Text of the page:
An article published in the journal “Science Advances” reports a genetic study on Native Americans of South America concerning the identification of a number of their genetic regions that influenced their facial features. Some of them were inherited from the Denisovans, another human species now extinct. A team of researchers used genetic data from 6,192 Latin American volunteers involved in a large study by the CANDELA (Consortium for the Analysis of the Diversity and Evolution of Latin America) consortium to identify genes inherited from the Denisovans. This will help investigate the ancestry of Native Americans in Asia, where the only traces of this species have been found.
The CANDELA consortium is multidisciplinary, so it goes far beyond genetic studies. It includes researchers who study the diversity of the inhabitants of South America at the biological level but also their social context. The volunteers who are participating in this large study live in Mexico, Colombia, Peru, Chile and Brazil. Examination of the volunteers includes careful measurement of their facial features, as can be seen in the upper part of the image (Courtesy Bonfante et al.), where they’re shown together with associated genes, shown in the lower part.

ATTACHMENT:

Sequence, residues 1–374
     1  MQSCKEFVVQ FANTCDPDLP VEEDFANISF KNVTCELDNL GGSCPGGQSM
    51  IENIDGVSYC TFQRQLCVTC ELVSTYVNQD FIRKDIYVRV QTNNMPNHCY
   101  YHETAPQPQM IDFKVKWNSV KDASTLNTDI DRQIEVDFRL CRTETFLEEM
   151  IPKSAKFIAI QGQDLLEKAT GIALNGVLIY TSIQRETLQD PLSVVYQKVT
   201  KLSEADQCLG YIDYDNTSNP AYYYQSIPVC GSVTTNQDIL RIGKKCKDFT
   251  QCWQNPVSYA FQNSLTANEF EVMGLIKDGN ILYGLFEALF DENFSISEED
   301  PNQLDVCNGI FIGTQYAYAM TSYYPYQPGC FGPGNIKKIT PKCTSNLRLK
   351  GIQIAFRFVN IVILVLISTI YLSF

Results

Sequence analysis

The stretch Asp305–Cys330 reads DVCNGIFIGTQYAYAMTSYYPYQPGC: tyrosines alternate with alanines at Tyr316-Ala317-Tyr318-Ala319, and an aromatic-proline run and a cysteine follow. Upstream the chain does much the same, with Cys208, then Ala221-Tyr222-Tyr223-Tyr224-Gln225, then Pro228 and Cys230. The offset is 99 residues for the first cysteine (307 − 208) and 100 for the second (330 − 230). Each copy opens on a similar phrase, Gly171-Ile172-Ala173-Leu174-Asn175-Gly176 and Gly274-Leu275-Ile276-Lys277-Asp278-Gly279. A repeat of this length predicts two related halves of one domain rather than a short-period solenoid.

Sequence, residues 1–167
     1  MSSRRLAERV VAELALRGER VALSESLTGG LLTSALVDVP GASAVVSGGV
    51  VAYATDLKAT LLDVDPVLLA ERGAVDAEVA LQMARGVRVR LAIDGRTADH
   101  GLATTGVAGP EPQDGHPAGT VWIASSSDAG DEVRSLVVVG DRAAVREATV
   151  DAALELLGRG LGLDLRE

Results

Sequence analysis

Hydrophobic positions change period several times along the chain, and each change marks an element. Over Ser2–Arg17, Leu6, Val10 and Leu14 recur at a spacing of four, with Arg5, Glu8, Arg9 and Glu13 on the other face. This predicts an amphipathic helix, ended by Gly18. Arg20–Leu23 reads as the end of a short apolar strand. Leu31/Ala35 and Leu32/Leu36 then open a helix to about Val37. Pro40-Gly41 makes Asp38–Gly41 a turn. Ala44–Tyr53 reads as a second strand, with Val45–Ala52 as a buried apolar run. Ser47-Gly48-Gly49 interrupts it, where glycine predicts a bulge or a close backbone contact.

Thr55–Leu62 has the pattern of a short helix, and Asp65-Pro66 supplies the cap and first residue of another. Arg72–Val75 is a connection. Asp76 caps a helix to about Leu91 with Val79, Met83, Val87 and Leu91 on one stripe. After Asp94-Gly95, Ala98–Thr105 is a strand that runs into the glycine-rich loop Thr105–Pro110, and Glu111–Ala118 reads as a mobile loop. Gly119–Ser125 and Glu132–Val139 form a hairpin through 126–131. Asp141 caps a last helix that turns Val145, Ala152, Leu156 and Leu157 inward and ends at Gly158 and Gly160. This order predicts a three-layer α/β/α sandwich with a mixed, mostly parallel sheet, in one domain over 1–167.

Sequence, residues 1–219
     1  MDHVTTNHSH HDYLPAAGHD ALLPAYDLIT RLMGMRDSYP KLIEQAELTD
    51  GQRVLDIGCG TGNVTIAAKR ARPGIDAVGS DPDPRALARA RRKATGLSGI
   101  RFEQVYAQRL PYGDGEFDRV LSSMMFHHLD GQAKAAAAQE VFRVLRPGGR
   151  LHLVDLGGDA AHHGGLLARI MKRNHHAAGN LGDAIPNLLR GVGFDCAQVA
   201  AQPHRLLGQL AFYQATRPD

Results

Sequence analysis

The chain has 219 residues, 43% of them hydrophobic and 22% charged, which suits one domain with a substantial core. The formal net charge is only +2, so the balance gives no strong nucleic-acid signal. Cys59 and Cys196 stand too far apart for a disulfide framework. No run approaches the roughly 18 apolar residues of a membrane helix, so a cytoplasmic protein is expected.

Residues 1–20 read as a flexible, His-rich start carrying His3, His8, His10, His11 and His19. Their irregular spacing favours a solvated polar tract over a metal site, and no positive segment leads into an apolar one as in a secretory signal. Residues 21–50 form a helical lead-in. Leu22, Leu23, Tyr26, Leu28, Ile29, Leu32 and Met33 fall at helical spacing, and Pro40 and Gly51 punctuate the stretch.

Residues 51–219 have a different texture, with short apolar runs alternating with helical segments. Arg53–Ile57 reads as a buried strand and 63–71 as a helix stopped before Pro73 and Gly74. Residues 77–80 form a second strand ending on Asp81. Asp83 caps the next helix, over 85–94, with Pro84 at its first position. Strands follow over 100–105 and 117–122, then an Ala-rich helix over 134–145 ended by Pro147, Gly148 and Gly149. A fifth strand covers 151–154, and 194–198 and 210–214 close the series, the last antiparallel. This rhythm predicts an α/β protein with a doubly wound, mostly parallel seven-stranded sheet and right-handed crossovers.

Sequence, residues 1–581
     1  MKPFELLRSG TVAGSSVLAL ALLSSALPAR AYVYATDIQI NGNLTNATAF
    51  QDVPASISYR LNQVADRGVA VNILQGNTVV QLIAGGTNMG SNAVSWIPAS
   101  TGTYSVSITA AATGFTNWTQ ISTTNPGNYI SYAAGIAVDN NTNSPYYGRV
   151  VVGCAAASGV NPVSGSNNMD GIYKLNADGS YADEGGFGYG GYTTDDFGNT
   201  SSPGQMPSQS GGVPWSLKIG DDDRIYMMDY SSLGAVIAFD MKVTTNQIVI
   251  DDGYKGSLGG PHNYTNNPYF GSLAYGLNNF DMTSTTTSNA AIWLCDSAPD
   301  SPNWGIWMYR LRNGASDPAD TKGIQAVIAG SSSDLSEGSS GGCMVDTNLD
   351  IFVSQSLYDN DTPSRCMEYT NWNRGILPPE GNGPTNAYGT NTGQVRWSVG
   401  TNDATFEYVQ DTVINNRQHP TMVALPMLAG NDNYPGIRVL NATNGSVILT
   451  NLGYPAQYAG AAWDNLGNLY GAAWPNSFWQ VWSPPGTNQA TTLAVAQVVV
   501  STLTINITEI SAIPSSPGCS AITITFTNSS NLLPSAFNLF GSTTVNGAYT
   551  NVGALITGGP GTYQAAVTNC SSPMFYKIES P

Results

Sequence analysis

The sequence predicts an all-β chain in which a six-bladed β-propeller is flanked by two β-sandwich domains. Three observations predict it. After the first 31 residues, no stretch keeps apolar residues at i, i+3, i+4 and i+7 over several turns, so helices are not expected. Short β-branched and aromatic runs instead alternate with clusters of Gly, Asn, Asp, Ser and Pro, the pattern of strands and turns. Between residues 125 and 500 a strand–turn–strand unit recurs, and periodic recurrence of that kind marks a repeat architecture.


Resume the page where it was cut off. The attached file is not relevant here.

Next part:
The wealth of information gathered on the volunteers allowed 32 facial traits to be associated with a range of genes, increasing the number of genes for which there is a well-supported knowledge of their expression. A very interesting discovery is that some of the genes found in Latin American volunteers are also present in the Denisova genetic database. The DNA of these now extinct hominins is available thanks to the fact that the few bones attributed to them were discovered in Siberia, where they got preserved very well, to the point of allowing genome fragments of the individuals buried in the cave where they were discovered for the first time to be sequenced.
Dr Pierre Faux of the Aix-Marseille University, France, commented that it’s the first time that a gene inherited from ancient humans has been associated with facial features of modern humans. This was possible because this research is about Native Americans and not Europeans, who typically have Neanderthal genes.
Genes inherited from the Denisovans are typical of various Asian populations following interbreedings between modern humans and this now extinct human species. This feature could help reconstruct the history of migrations that brought some ancient populations to the Americas.
Professor Andres Ruiz-Linares explained that research like this can provide biomedical information on the evolutionary processes that led to different adaptations also regarding certain facial features. Basically, it’s useful for better understanding the history of Asian and Native American populations but also for medical studies to better understand certain genetic problems. These are all ramifications of a history of humanity that continues to reveal its complexity.